Associate Professor, Practice of Managerial Studies
Areas of Expertise: Finance, Fundraising, Healthcare, Marketing, Networking, Presentation
- Founder/Owner, Heath Island Enterprises
- Dunkin Donuts/Baskin Robbins franchisee
- Co-founder/Co-owner, VMR Properties, LLC
- SVP Operations, Asurion, Inc.
- SVP/Consulting Business Director, The Faneuil Group
- B.A., Olin Graduate School of Business, Babson College
- S., Biology, Tufts University
Classes Taught at Vanderbilt:
- Fundamentals of Management, MGRL 1100
- Entrepreneurship: The Business Planning Process, MGRL 2300
Entrepreneurship, Small Business Management and Development
To meet with Joe, email firstname.lastname@example.org.
Q. What excites you most about the Wond’ry?
A. I love the energy and the feel in the building. The space is so conducive to working, thinking, innovating, etc.
Q. What do you feel are the most important skills you have to offer in your role as a mentor?
A. I’ve spent my career launching and running entrepreneurial ventures. I’ve had many successes, but also some excellent failures! From ideation to small business management, I can guide young entrepreneurs through the process, helping educate them on the process, helping introduce them to resources, helping them avoid mistakes, and hopefully helping get them on the path to success.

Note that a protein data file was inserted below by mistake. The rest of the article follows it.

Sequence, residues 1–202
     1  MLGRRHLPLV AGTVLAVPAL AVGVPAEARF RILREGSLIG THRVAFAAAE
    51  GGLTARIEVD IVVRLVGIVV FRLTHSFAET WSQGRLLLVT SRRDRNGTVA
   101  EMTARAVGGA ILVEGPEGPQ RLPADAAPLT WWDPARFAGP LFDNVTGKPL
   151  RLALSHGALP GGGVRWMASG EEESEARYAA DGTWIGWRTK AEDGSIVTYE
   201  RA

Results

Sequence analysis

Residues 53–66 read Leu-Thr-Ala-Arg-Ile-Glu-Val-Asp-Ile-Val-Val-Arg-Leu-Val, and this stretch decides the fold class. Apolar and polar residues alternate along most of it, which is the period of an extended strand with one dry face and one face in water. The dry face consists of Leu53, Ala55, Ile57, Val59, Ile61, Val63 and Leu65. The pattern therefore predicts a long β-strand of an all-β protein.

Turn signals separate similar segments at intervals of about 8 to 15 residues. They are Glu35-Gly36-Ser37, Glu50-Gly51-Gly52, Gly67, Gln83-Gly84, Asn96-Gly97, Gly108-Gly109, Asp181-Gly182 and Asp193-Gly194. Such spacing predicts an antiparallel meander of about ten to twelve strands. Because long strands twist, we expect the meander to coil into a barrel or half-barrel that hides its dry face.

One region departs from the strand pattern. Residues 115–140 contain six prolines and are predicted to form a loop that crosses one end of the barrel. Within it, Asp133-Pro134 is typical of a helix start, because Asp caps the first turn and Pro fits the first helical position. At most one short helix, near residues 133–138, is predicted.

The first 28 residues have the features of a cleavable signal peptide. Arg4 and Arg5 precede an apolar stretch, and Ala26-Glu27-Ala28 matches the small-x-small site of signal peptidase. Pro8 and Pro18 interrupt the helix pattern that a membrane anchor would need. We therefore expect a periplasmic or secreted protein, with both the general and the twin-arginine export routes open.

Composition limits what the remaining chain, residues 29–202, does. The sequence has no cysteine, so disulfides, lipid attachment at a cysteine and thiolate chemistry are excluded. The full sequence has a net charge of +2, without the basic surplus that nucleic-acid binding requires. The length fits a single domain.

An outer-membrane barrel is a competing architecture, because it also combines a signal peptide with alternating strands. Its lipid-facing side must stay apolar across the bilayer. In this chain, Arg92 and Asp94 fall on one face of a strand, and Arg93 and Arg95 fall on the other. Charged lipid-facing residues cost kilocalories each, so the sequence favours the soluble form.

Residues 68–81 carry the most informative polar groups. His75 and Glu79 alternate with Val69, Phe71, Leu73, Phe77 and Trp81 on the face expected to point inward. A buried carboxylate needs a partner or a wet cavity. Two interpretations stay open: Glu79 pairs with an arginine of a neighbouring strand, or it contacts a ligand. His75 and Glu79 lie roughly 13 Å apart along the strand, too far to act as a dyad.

Q. What has been your proudest moment in your career?
A. Professor Rando would like to omit this question-would take too long to answer.
Q. What has surprised you most about your job?
A. What has surprised me most about my work in my career is that no matter what job I’ve done and no matter what company I’ve done my work for, the job is actually very similar: Chief Problem Solver. In order to be successful as an entrepreneur, you must be a masterful problem solver!
Q. If you could do everything over again, would you make the same career choices?
A. Absolutely. As much as I’d like to say that my career has played out exactly as I planned, it has in fact been a series of pivots, with some good fortune mixed in for good measure. So the career choices I’ve made that have led me through my career can’t be explained with a formula or a strategic plan, but I would try to do them all over again!
Q. In your opinion, what is the most important quality for success?
A. See #4 above.
Q. When you were a child, what did you want to be when you grew up?
A. First a hockey player. Then an architect. Then a doctor. Turns out, I still don’t know what I want to be when I grow up.